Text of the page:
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Biography 23.4 (2000) 651-669

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Jane Campion Frames Janet Frame: A Portrait of the Artist as a Young New Zealand Poet

Suzette A. Henke

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In An Angel At My Table (1989), her cinematic adaptation of Janet Frame's three-part Autobiography, Jane Campion faced many of the same problems encountered by Joseph Strick in his ambitious film version of James Joyce's Portrait of the Artist as a Young Man. 1 In each case, the narrative demanded by the bildungsroman genre competes with the more diffuse, episodic form dictated by autobiography. Just as Strick drew on Joyce's early, abandoned fictional fragment Stephen Hero to amplify his cinematic presentation, so Campion amalgamated a number of scenes from Janet Frame's autobiographical novel, Faces in the Water, to dramatize her protagonist's eight-year incarceration in mental hospitals after a misdiagnosis of schizophrenia. The result is an extraordinary cinematic portrait that challenges the tacit assumptions of more traditional Hollywood biopics. The screenplay was written by Australian author Laura Jones, and Campion chose three remarkable lookalikes to play Janet Frame at various stages of development: Alexia Keogh as the child Janet, Karen Fergusson as the adolescent protagonist, and Kerry Fox as the young adult. Iris Churn, as Lottie Frame, and K. J. Wilson, as the patriarch George, both turn in exceptional and convincing performances.

Biographical films, I would argue, owe much of their fascination to the referential frame of historical authenticity. And yet, while claiming the sanction of (auto)biographical verisimilitude, the biopic nonetheless replicates, either consciously or inadvertently, the triangular structure of Aristotelian drama, conflating ostensible documentary reporting with an imposed narrative model dependent on rising and complicated action, a peripeteia [End Page 651] or crisis, and a satisfying denouement. This same pattern also governs the rising and falling action of the bildungsroman--a novel of youth, development, experience, and maturity. The general theme of this particular semi-autobiographical form is often that of an ingenuous youth for whom epiphany generates a defining moment of transformation. The protagonist implicitly testifies to having once been lost, but after the amazing grace of revelation, to having been saved for future work, love, success, wealth, or spiritual redemption.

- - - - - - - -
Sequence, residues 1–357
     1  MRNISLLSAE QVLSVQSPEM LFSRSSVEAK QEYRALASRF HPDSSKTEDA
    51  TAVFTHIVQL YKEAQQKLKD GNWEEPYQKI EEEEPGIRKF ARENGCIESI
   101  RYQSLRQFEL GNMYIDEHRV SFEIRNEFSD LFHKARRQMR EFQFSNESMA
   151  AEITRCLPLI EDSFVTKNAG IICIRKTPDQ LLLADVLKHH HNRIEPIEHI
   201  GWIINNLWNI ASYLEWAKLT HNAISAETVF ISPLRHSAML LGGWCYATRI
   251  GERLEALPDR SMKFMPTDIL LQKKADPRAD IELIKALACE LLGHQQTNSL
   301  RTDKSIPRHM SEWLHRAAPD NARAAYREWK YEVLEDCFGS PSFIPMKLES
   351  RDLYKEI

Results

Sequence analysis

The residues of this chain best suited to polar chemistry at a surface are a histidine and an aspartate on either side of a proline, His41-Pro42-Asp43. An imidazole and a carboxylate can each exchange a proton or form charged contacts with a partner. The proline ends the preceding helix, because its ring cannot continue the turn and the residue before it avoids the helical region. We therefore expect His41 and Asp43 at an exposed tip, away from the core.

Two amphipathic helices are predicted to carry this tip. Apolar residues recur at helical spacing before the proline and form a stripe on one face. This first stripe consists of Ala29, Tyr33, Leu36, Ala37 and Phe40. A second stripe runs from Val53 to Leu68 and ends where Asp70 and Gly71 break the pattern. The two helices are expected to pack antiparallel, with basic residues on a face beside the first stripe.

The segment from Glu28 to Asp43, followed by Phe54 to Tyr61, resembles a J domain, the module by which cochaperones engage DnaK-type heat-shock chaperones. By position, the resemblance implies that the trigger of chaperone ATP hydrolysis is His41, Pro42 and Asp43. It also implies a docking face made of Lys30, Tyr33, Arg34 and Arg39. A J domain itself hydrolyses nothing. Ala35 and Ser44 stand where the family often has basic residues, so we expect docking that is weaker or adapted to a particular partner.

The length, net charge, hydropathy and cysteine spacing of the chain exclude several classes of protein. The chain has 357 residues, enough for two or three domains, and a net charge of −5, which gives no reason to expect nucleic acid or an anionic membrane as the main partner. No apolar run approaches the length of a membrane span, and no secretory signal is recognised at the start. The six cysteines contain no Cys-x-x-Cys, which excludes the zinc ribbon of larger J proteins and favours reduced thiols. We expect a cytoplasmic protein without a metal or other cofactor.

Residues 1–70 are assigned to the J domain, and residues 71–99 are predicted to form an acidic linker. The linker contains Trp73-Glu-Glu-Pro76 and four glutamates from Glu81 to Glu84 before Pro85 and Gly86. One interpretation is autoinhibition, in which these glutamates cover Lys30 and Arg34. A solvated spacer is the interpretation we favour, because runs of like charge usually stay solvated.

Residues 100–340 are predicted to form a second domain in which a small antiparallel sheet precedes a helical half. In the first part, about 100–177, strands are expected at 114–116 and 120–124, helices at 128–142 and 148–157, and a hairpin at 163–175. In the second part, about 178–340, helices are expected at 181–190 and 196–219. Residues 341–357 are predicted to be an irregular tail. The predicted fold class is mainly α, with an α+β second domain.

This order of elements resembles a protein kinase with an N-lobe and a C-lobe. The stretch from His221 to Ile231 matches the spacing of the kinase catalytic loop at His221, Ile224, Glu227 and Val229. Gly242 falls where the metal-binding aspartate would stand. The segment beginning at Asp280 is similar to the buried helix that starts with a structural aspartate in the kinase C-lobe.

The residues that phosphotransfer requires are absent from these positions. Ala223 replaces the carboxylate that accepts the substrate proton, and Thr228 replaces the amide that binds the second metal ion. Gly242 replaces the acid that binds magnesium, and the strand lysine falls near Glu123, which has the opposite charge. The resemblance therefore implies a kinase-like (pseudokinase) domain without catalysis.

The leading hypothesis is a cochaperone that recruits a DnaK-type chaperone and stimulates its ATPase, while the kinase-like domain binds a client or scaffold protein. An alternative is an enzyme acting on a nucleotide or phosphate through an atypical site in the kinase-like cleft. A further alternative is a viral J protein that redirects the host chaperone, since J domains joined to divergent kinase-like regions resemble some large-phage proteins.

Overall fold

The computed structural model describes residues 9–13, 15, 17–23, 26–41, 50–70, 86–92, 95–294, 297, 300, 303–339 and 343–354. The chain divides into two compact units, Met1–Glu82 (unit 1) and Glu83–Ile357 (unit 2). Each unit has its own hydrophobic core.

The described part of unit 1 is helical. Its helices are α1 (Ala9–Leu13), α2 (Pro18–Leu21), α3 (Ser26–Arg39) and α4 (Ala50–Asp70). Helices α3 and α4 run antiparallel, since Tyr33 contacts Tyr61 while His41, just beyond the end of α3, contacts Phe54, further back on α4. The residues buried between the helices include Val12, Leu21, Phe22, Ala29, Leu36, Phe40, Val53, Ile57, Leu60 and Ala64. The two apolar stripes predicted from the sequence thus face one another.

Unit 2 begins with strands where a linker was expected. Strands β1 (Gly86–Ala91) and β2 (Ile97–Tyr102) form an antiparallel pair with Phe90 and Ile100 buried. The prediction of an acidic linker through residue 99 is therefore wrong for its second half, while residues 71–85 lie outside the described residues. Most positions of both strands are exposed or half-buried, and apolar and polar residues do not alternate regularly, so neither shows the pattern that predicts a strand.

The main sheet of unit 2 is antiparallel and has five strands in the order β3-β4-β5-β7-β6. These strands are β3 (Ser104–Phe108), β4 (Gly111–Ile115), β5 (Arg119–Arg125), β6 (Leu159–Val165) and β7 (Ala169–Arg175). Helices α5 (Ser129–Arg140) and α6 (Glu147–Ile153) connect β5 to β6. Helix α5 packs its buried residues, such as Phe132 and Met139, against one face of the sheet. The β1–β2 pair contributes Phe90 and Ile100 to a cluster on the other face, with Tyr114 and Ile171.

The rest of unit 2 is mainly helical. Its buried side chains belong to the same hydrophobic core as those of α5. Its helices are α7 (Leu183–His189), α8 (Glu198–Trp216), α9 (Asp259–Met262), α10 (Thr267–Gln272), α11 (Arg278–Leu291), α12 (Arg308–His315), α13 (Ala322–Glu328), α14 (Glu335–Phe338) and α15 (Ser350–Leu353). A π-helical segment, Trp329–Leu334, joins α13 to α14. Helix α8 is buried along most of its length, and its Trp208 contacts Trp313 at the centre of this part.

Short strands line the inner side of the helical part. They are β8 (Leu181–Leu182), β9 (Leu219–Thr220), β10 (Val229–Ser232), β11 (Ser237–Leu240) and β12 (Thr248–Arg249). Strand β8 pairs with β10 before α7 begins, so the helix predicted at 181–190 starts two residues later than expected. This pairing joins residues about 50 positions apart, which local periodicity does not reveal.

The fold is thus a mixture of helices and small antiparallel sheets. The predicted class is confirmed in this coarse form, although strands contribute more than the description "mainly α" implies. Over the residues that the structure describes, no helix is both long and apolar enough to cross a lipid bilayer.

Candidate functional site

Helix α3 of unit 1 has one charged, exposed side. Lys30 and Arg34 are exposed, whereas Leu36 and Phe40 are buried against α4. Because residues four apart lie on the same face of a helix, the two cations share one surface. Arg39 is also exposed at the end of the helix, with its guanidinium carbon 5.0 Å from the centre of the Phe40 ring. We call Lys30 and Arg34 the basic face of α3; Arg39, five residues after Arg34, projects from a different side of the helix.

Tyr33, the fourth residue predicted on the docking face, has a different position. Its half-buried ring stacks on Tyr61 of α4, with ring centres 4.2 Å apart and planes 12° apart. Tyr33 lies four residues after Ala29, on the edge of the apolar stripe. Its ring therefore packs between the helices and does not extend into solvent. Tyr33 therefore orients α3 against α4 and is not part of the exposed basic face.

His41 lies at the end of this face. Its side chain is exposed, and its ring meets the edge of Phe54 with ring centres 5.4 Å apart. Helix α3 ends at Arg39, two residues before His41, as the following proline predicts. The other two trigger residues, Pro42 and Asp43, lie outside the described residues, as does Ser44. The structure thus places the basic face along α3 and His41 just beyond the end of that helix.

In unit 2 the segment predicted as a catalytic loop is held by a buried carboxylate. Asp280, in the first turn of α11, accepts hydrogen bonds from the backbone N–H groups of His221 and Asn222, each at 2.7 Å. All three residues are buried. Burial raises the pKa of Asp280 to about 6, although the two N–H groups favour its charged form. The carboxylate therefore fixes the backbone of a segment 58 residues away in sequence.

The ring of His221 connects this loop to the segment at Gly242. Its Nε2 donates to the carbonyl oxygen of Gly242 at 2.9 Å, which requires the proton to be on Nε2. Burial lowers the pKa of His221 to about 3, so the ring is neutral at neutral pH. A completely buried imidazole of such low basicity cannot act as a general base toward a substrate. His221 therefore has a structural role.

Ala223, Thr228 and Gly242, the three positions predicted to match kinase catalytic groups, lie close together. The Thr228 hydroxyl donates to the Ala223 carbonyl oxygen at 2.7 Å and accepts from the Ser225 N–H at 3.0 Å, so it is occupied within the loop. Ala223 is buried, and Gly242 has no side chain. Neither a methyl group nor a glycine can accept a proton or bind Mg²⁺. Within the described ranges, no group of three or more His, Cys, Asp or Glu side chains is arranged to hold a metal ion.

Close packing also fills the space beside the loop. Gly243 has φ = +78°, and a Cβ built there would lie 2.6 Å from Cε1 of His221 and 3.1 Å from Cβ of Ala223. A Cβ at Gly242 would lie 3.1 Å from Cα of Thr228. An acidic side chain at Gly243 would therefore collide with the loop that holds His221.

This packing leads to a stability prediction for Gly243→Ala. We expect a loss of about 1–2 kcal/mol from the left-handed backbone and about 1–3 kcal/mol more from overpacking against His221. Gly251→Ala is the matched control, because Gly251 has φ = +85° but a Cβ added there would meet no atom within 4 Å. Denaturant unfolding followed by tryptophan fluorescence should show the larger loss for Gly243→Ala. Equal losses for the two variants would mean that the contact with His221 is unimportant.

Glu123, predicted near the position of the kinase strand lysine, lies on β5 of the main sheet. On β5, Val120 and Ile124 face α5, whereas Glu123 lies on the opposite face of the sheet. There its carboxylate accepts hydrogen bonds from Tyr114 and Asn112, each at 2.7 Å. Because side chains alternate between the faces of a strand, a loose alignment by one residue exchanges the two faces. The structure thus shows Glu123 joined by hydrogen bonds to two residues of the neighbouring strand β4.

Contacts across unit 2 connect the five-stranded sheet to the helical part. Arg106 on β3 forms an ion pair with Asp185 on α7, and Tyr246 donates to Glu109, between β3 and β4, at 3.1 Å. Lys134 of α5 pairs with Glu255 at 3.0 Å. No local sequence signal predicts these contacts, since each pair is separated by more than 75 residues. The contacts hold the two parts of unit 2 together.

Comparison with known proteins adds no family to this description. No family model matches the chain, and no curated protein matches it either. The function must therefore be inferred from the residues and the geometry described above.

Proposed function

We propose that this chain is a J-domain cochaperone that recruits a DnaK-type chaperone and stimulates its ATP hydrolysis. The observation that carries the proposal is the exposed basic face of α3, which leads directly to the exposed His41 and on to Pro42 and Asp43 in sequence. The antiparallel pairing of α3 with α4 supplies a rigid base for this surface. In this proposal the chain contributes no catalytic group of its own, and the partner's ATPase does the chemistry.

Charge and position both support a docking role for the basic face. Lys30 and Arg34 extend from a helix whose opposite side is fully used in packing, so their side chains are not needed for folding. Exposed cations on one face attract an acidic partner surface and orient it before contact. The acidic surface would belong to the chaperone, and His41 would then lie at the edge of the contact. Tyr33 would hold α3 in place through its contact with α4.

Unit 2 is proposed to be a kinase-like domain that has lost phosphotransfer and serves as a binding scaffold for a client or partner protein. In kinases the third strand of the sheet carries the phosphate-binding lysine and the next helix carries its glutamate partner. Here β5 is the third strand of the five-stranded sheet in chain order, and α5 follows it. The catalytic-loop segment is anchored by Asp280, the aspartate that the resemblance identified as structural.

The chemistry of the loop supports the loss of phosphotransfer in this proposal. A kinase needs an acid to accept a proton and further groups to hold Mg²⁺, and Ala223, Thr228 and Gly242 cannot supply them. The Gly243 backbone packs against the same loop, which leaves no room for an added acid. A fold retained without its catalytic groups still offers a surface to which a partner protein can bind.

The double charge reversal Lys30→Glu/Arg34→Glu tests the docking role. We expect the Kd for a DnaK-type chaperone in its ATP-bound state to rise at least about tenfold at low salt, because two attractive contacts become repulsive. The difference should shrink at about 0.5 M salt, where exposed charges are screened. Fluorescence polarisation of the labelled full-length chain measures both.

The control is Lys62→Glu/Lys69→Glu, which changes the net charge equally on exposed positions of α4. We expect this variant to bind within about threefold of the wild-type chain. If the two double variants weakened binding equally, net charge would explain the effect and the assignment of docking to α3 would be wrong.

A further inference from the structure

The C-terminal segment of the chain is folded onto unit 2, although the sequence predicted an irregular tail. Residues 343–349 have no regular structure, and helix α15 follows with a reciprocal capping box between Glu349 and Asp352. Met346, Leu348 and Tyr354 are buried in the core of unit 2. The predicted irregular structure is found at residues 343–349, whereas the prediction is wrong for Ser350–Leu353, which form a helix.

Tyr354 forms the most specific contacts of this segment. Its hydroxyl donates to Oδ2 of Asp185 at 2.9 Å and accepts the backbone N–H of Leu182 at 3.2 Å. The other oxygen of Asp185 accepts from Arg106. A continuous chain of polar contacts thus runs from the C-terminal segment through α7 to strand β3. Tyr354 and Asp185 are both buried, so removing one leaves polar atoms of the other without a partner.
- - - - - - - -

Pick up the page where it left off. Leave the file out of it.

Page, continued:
Janet Frame's three-part Autobiography, however, does not readily accommodate cinematic translation. The multivolume text is highly episodic and relies on the palimpsestic compilation of random tableaux, all gathered together in a loosely structured memoir that may strike the reader as tonally flat. The first volume, To the Is-Land, carefully details a series of childhood tribulations evoked by the quotidian demands of an impoverished life in a remote New Zealand village during the global Depression of the 1930s. Although my own graduate students in autobiography seminars provide a small sample indeed, they would seem to suggest that North American readers can become impatient with Frame's belabored descriptions of mundane agricultural chores. Unfamiliar with dysphoric symptoms characteristic of post-traumatic stress disorder, my students express disappointment over the author's ostensibly laconic and impassive response to her sisters' tragic drownings. Most importantly, my students want more --far more--information about Janet Frame's incarceration in antipodean mental hospitals. And it is precisely this lacuna that Campion seeks to fill in Angel by drawing on details from Frame's autobiographical novel Faces in the Water.

Campion, to her credit, refuses to capitulate either to the demands of strict textual/autobiographical fidelity, or to the compressed parabolic structure of climax and denouement that a bildungsroman would require. One might call up the analogy of Paul Schrader's cinematic strategies in his film Mishima, analyzed by John Howard Wilson in an article entitled "Sources for a Neglected Masterpiece." As Wilson points out, Schrader boldly complicates his 1985 biopic of Mishima by introducing a complex narrative structure embellished not only with biographical data, but with a collage of imaginative detail drawn from the author's semi-autobiographical fiction. The result, claims Wilson, "is a rich and unusual film" that offers an "unparalleled integration of literary and biographical sources" (280-81...